Rugby: Otago Boys High School Too Strong for New South Wales Schools

Jeff CheshireAnalyst IIApril 17, 2013

DUNEDIN, NEW ZEALAND - SEPTEMBER 19:  Tom Palmer, the England lock, who used to play for the Otago Boys High School XV in 1997 takes part in training with the present XV during an England IRB Rugby World Cup 2011 school visit to Otago Boys High School on September 19, 2011 in Dunedin, New Zealand.  (Photo by David Rogers/Getty Images)
David Rogers/Getty Images

Australia may have had the upper hand on New Zealand teams in the Super 15 so far this year, but as far as schoolboy rugby goes, New Zealand still rules the roost.

Brutal defence and a strong set-piece was key as Otago Boys High School smothered the New South Wales en route to a 28-7 win in Dunedin. The home side ran in four tries in what was a dominant all-around display.

The game was won in the first half, where Otago Boys rushed out to a 13-0 lead early before adding two more tries to take the score to 23-0 at the break. It was a half in which Otago Boys took a fairly conservative approach, looking to kick in behind the defence and apply pressure.

They did this very well, finding acres of space to kick into and chasing well to pin their opponents in their own 22. This, combined with an ability to be clinical and turn this pressure into points, saw that the game was effectively over after 35 minutes.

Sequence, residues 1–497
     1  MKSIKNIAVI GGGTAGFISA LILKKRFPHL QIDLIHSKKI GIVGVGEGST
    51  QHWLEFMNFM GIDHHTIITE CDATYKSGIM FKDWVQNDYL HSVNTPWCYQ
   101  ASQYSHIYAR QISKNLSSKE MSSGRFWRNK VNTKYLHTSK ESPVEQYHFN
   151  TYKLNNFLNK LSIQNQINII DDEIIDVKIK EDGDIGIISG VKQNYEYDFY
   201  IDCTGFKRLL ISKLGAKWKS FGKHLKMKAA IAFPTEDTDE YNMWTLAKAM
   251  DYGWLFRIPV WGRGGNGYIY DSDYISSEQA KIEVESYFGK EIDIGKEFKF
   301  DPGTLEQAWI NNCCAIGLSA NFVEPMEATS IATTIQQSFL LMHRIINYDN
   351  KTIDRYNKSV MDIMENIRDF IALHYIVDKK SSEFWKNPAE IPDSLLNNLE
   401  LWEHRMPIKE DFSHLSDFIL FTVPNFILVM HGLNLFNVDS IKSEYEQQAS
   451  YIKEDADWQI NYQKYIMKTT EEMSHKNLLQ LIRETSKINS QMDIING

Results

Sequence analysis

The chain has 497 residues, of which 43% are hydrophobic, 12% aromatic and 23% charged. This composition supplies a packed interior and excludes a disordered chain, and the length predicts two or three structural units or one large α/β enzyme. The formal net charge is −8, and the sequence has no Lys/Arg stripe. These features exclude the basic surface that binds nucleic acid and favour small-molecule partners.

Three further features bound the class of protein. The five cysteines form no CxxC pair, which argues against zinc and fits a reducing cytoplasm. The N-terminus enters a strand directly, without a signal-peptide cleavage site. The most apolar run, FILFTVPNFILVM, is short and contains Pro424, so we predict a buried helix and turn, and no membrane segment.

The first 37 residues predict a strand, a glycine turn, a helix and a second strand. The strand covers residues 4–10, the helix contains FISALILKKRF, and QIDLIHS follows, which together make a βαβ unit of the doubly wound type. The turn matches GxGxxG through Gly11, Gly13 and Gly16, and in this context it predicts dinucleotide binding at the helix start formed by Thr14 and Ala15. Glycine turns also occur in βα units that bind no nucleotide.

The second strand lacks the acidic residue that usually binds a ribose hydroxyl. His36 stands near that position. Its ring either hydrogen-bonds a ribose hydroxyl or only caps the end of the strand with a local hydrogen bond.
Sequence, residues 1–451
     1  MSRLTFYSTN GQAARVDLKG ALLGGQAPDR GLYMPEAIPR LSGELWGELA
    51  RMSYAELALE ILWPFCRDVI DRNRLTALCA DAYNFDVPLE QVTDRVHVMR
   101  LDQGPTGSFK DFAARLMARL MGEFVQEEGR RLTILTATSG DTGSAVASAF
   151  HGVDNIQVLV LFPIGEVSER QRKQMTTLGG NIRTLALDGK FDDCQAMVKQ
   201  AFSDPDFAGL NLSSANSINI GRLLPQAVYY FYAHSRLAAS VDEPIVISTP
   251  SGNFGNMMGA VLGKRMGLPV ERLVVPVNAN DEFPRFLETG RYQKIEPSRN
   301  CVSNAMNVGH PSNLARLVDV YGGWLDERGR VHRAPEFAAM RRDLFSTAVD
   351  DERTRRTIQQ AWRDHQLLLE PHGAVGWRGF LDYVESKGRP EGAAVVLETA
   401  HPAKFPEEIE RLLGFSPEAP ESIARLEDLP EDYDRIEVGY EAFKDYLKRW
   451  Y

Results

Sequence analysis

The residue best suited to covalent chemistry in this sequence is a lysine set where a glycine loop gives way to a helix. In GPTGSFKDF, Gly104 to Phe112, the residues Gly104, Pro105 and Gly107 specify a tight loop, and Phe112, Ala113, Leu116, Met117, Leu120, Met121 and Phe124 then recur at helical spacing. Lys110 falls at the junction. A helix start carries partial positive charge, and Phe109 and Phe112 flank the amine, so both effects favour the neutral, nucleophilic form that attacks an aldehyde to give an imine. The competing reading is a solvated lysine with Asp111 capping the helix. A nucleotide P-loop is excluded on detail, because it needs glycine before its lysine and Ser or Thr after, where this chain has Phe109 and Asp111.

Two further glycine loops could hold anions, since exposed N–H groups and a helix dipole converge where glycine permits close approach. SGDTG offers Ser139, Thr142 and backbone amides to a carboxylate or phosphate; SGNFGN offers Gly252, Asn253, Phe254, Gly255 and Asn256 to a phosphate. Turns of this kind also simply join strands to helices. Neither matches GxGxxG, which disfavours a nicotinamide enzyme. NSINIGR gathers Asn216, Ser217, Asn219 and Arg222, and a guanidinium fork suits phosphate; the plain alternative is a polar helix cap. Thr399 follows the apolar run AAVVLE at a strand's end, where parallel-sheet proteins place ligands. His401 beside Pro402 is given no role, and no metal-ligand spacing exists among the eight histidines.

In contrast, the New South Wales side offered very little. They dropped too much ball, missed too many tackles, kicked too poorly and gave away too many penalties in their own half to cause any real problems. Although some credit must go to the tenacious Otago Boys defence, which ensured New South Wales had very little to work with. 

The second half saw the game loosen up as both sides made changes, and with the game in the bag, Otago Boys took off many of its best players. New South Wales did a better job of retaining possession and were more disciplined, but still the Otago Boys defence only folded once. 

It was clear where the game was won, as Otago Boys dominated the contact situations, making some huge tackles and in general getting the better of the breakdowns. The scrum was dominant too, while the lineout was safe and constantly disrupted the New South Wales' attack.

The backs looked slick as well, kicking for space and looking dangerous on the counter.

The best for New South Wales were the loose forwards, who ran strongly and were effective at the breakdown considering they were in the less-dominant forward pack.

For a high school to beat a state representative team from Australia is impressive to say the least, especially given the manner in which it was done. It bodes well for the coming season, where Otago Boys will look to repeat the success of 2012, which saw them play in the national final.

They will enter the Highlanders 1st XV Competition as hot favourites, and if this performance was anything to go by, will feature on the national scene once more.